India office returns outpace residential sectorMarch 15, 2017 / By
How do real estate returns in India’s office sector compare with that in the residential sector? Measuring total returns (comprising the rental yield and capital value appreciation), we see that the Grade A office market outperformed the residential sector in seven major cities across the country.
Chart 1 City-wise comparison between office and residential returns index
*Base Year – 2Q12 = 100
Source: JLL Research
Chart 2 shows performance in both sectors over time. Prior to 2012, the residential sector delivered relatively higher returns on the back of capital appreciation at a faster rate. On the contrary, the commercial real estate sector’s gradual recovery in the post-global financial crisis period was underpinned by steadily improving rents.
However, the office sector has emerged as the leader in real estate returns across all cities since 2H 2013, sustained by improving occupier sentiment and reducing vacancy rates in prime office corridors. This resulted in rents rising at a faster pace than residential capital value appreciation over the same period. This also coincided with stronger interest in quality assets from institutional investors. We observed a divergence in terms of the type of institutional money coming into the real estate sectors, with more equity instruments deployed in commercial properties and debt deployed in residential properties.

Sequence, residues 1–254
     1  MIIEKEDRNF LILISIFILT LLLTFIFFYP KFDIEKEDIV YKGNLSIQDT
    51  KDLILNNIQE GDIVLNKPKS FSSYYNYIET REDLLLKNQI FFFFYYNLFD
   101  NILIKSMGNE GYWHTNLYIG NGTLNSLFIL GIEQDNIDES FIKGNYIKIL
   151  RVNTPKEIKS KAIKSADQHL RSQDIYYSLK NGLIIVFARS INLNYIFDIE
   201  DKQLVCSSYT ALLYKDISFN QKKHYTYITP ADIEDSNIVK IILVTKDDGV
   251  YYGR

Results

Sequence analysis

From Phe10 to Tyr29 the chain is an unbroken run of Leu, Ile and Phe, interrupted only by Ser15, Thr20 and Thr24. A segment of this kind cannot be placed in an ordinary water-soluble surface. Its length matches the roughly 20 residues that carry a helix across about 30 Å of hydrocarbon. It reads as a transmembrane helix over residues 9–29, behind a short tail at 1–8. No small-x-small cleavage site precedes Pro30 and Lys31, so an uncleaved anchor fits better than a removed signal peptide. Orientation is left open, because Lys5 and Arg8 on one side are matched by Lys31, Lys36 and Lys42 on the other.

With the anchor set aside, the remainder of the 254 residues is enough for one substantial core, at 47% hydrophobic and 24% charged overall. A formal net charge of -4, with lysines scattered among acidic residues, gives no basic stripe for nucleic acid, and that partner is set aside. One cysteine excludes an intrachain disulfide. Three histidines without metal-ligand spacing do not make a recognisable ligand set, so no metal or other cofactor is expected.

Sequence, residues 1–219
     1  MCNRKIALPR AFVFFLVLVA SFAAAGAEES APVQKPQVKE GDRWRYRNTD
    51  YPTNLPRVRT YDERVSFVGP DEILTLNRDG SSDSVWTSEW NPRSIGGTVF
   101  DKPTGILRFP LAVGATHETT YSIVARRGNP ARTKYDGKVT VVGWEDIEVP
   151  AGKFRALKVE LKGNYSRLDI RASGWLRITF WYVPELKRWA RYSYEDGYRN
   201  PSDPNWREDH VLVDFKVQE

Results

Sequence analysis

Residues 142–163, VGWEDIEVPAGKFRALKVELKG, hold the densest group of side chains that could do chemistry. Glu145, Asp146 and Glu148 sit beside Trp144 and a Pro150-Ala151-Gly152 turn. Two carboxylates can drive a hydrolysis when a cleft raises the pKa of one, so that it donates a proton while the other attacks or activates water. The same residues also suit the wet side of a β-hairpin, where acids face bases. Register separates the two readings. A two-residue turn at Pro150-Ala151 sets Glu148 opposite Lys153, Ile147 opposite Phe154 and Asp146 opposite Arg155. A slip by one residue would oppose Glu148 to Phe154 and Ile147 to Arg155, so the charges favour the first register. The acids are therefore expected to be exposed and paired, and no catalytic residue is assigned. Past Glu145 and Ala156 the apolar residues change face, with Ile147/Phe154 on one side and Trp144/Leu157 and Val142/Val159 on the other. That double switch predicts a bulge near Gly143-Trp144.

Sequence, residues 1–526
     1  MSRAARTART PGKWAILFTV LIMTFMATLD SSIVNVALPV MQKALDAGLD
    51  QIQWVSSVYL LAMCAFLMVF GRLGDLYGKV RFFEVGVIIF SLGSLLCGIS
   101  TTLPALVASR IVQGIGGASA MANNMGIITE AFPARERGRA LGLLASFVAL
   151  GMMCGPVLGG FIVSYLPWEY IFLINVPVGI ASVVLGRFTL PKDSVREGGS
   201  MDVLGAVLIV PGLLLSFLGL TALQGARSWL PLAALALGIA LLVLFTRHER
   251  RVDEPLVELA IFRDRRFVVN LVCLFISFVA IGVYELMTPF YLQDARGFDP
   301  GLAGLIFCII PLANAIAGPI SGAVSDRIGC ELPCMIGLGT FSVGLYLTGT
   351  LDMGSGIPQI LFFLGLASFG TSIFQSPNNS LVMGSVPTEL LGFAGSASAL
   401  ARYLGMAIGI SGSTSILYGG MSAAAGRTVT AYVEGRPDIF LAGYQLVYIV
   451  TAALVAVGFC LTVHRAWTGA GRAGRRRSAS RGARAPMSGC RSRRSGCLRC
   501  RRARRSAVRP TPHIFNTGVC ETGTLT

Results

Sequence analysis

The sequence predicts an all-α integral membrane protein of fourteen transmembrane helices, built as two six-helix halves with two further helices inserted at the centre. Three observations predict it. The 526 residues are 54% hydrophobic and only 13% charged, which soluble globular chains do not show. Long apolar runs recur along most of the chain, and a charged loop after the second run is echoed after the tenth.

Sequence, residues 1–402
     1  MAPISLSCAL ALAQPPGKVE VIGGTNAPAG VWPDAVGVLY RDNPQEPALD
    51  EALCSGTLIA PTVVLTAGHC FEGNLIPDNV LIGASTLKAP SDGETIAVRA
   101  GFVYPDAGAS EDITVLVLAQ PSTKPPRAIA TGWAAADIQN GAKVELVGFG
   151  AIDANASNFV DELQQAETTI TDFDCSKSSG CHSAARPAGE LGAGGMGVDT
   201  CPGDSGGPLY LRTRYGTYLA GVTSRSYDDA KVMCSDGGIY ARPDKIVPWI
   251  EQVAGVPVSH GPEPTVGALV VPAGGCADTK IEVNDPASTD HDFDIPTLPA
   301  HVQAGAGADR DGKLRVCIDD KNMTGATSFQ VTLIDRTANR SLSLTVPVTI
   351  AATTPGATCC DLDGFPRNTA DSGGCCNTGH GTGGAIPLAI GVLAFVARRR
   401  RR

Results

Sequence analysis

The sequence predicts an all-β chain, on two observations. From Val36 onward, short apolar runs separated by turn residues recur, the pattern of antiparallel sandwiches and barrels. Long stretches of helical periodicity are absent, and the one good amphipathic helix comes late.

Source: JLL Research
What this means for investors
The impending REITs make an even more compelling case for retail investor to participate in commercial realty in the near future. However, residential properties still retain many attractiveness.
Despite its moderate returns over the past three years, one must consider additional factors when comparing returns from the residential sector. First, costs of funds for purchasing residential properties is lower – loan rate are about 100-150 bps lower when compared to the purchase of non-residential assets. There is also the added benefit of a reduction in taxable income for the interest amount paid on home loans. In contrast, interest paid for non-residential loans can only be booked to the profit and loss statement if rent from the asset is a principal source of income; otherwise, no tax benefits are available for such investors.
On the other hand, retail investors looking to invest in commercial space is constrained by the larger amount of capital investment required, limited availability of trophy assets (these are usually sold at a premium and on a complete asset basis to large institutional investors), as well as more restricted tax benefits that encourage such investors to invest their money in the residential sector.
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